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College & Workforce Readiness

Curtains for Cursive?

By Anthony Rebora — July 07, 2011 1 min read
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In what portends to become a national trend, the Indiana Department of Education has announced that, starting this fall, it will no longer require schools to teach cursive writing.

The Department sent a memo [PDF] to school leaders this spring saying that, in accordance with the Common Core standards, students will be “expected to become proficient in keyboarding skills"—formerly known as typing—instead of handwriting. However, the memo notes that schools can continue to teach cursive writing as a part of local curriculum standards (assuming such things still exist, of course).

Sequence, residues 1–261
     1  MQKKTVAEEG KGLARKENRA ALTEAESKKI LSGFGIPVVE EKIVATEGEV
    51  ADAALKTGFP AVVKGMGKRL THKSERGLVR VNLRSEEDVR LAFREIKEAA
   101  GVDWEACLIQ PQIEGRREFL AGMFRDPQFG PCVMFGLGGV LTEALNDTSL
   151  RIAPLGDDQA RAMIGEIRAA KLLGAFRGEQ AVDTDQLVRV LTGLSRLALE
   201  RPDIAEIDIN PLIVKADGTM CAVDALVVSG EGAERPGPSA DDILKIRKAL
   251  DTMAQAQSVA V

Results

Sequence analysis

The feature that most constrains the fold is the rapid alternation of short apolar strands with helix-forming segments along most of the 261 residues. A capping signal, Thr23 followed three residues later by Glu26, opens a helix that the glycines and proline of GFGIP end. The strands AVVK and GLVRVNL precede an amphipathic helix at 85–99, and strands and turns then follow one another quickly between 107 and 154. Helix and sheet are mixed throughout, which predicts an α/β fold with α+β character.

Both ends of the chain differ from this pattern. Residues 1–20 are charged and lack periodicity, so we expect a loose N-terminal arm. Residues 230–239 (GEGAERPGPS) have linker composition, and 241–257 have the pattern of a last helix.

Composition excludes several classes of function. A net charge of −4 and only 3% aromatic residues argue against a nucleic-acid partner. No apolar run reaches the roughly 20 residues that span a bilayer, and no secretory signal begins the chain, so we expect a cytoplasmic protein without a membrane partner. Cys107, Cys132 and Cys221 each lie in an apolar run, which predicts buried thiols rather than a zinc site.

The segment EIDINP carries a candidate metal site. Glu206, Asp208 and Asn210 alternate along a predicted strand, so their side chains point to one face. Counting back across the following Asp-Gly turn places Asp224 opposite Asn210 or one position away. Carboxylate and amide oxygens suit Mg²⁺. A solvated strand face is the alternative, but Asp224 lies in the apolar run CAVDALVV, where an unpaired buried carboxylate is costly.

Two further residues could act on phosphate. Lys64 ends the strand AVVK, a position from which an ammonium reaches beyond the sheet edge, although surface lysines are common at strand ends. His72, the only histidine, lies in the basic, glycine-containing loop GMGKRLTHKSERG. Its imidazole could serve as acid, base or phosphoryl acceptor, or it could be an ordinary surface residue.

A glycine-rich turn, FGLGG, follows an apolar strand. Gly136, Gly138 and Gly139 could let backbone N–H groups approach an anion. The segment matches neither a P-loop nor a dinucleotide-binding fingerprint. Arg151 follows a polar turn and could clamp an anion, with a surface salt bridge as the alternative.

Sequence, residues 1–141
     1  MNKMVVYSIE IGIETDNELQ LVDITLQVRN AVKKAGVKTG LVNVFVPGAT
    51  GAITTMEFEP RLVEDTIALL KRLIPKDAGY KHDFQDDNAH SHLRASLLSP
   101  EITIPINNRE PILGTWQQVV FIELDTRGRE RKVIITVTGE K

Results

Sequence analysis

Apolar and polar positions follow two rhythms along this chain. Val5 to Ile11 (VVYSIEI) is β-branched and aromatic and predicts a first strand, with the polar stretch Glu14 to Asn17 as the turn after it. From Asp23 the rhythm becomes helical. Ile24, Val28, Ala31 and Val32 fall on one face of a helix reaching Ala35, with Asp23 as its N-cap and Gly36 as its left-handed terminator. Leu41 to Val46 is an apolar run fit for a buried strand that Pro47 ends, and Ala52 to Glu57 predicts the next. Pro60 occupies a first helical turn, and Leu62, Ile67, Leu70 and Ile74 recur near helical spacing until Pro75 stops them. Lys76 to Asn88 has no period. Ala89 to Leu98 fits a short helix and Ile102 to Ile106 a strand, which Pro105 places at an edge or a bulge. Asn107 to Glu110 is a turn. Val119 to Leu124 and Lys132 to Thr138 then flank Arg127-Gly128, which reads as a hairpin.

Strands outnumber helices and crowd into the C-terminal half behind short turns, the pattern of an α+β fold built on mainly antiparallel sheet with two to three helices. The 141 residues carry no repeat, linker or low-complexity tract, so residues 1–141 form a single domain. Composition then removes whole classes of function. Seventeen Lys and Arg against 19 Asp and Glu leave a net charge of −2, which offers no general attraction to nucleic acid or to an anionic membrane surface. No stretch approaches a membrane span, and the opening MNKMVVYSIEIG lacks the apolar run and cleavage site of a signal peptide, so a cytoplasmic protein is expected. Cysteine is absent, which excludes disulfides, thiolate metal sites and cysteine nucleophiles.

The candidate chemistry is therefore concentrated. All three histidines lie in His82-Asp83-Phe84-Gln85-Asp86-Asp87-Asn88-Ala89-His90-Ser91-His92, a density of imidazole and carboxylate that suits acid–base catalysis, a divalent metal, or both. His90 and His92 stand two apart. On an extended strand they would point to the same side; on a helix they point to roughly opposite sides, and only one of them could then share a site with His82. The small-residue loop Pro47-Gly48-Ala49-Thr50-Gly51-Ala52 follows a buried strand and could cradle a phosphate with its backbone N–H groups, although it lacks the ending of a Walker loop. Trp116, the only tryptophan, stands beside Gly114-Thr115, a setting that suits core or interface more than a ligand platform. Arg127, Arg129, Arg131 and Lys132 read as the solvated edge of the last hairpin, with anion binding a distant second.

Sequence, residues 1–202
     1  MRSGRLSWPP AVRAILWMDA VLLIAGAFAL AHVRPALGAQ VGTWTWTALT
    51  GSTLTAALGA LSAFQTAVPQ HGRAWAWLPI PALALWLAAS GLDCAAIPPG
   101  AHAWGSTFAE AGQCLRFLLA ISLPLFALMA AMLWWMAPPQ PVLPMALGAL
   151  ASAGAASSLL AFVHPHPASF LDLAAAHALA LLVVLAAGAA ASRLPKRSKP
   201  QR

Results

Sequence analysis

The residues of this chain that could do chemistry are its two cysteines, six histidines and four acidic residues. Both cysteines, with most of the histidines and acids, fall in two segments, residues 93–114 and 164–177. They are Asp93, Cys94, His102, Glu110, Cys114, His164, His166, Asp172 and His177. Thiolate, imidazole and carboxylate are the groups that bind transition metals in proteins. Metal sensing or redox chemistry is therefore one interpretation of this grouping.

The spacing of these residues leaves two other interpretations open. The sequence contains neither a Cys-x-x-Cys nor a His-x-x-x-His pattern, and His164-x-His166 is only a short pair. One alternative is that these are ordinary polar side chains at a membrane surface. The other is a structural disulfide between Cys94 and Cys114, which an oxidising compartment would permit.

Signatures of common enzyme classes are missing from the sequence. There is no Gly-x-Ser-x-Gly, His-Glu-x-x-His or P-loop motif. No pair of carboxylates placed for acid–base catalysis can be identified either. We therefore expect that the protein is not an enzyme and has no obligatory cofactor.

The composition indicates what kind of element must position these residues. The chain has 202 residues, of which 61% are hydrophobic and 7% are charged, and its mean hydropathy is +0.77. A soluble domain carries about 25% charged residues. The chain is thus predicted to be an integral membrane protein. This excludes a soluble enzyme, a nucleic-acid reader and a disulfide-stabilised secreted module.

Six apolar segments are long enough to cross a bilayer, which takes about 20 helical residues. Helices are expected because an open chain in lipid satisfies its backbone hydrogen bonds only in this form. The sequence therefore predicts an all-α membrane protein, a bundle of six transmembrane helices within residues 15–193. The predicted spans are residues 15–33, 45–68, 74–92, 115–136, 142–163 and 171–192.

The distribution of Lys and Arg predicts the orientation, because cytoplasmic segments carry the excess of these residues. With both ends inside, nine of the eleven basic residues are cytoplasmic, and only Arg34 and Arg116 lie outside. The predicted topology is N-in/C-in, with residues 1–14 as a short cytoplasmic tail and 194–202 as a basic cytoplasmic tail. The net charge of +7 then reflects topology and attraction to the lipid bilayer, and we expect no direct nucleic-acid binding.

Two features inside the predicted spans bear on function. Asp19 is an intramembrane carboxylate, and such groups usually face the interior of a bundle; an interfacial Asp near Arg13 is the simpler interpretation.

Parents’ and educators’ reactions to the state’s decision appear to be mixed, with some noting that the SAT and AP exams still require handwritten essays and that legible handwriting is seen as associated with intelligence and strong communication stills.

But many also seemed to sense a degree of inevitabililty in the change. One mother who claimed she was “in the middle” on the issue acknowledged that she learned about the state’s new guidelines—where else?—on Facebook.

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A version of this news article first appeared in the Teaching Now blog.